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the_oilmans_bullock.

Folklore of the Santal Parganas by Cecil Henry Bompas.
Age Rating 8 to 10.

Start of Story

There was once a poor but industrious oilman; he got a log of wood and carved out an oil mill and, borrowing some money as capital, he bought mustard and sesame seed and set to work to press it; as he had no bullock he had to turn the mill himself. He was so industrious that he soon began to prosper and was able to buy a bullock for his mill. By and bye he got so rich that he was able to buy some land and a cart and pair of bullocks and was quite a considerable man in the village. One day one of his cart bullocks died and this loss was a sad blow to the oilman. However he tied up the surviving bullock in the stable along with the old oil mill bullock and fed them well. One night it chanced that one of the villagers passed by the stable and hear the two animals talking and this is what he heard. The young bullock said "You came to this house first, friend; what sort of treatment does one get here?"



"Why do you ask me?" said the other. "Oh, I see your shoulder is galled and your neck shows mark of the yoke." The old bullock answered "Whether my master treats me well or ill I owe him money and have to stay here until I have paid him off. When I have paid him five hundred rupees I shall go." "How will you ever pay back such a sum?" "If my master would only match me to fight the Raja's elephant for five hundred rupees I should win the fight and my debt would be cleared; and if he does not do that I shall probably have to work for him all my life. How long do you intend to stay?" "My debt will be cleared if I work for him two years" answered the new comer. The man who overheard this conversation was much astonished and went off to the oilman and told him all about it. Next day the whole village had heard of it and they were all anxious for the oilman to match his bullock against the Raja's elephant; but the oilman was very frightened, for he feared that if he sent such a challenge, the Raja would be angry with him and drive him out of the country. But the leading villagers urged him and undertook to find the money if he lost, and to persuade the Raja that the oilman was mad, if he became angry with him. At last the oilman consented, provided that some of the villagers went to the Raja and proposed the match; he was too frightened to go himself. So two of the village elders went to the Raja and asked him to match his elephant against the oilman's bullock for five hundred rupees; the Raja was very much amused and at once fixed a day for the fight. So they returned and told the oilman to be ready and raised a subscription of five hundred rupees.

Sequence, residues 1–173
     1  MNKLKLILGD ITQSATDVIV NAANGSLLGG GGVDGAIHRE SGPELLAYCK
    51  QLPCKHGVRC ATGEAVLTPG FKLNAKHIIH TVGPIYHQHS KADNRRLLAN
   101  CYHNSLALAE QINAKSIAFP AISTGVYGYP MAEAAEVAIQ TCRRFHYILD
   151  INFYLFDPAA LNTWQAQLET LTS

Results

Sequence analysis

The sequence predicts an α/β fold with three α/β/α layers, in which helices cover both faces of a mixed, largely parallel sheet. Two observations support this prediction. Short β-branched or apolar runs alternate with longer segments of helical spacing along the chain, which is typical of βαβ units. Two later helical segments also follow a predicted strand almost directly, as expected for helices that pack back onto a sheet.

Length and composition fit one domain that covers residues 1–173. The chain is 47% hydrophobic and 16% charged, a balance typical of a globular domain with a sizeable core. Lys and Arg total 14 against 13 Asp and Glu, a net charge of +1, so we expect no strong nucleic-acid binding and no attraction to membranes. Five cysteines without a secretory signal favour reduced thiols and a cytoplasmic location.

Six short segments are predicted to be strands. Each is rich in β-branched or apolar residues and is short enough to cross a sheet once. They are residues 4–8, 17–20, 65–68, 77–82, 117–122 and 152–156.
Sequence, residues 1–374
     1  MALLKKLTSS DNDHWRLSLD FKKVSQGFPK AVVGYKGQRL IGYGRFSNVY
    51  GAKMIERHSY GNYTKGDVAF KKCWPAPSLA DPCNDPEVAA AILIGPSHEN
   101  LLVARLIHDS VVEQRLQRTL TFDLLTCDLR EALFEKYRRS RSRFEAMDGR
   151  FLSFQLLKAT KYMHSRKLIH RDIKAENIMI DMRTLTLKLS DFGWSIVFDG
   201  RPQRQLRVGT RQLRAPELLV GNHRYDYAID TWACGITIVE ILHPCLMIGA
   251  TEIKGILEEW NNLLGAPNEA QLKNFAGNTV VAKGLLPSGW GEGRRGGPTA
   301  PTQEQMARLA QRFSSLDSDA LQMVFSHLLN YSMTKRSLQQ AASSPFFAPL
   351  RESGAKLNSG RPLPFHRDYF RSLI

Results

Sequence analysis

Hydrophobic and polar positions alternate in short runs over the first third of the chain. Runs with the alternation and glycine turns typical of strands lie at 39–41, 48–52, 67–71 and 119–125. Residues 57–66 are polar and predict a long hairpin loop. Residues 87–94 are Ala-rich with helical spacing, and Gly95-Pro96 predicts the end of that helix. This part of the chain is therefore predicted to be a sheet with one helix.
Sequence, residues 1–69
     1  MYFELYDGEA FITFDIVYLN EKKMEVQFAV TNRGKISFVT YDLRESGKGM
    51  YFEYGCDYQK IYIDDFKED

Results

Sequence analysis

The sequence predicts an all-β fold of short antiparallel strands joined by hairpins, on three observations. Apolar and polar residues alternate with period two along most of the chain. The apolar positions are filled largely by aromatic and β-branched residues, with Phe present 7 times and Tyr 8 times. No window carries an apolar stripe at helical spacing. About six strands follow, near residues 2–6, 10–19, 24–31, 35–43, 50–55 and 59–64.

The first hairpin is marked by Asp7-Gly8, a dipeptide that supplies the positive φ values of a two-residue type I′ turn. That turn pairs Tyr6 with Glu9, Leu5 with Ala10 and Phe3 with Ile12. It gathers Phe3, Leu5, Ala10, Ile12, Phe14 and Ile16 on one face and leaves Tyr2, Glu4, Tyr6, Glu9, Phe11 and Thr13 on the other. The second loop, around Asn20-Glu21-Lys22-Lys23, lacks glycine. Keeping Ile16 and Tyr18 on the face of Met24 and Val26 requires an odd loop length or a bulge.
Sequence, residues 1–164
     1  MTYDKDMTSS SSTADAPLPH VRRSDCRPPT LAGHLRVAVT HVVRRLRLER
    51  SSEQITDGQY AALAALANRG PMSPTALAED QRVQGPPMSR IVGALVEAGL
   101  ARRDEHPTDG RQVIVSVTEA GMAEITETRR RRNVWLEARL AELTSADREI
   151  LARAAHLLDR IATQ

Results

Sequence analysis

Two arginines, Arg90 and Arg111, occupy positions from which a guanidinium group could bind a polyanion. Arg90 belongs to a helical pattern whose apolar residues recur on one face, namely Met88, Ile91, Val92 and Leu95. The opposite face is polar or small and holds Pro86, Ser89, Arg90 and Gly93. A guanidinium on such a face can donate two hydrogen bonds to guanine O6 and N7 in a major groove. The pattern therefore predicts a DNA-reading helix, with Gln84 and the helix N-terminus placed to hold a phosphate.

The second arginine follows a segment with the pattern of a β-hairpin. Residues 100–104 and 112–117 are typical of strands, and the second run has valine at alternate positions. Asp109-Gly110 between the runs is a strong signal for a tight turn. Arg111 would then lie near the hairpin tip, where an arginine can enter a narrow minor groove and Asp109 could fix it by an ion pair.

The evening before the contest the oilman gave the bullock a big feed of meal and oilcake; and on the eventful morning the villagers all collected and watched him oiling its horns and tying a bell round its neck. Then the oilman gave the bullock a slap on its back and said "Take care: you are going to fight an elephant; if you owe me so much money you will win, and if not, then you will be defeated." When he said this the bullock pawed the ground and snorted and put down its head. Then they all set out with the five hundred rupees to a level field near the Raja's palace; a great crowd collected to see the fun and the Raja went there expecting easily to win five hundred rupees. The elephant was brought forward with vermilion on its cheeks, and a pad on its back, and a big bell round its neck, and a mahout riding it. The crowd called out "Put down the stakes:" so each side produced the money and publicly announced that the owner of the animal which should be victorious should take all the stakes. But the oilman objected to the mahout's riding the elephant; no one was going to ride his bullock. This was seen to be fair and the mahout had to get off; then the fight began. The bullock snorted and blew through its nose, and ran at the elephant with its head lowered. Then the elephant also rushed forward but the bullock stood its ground and stamped; at this the elephant turned tail and ran away; the bullock ran after it and gored it from behind until it trumpeted with pain. The crowd shouted "The Raja's elephant is beaten." And the oilman took the five hundred rupees and they all went home. From that day the oilman no longer put the bullock to work the oil mill but fed it well and left it free to go where it liked. But the bullock only stayed on with him for one month and then died.



the end

       



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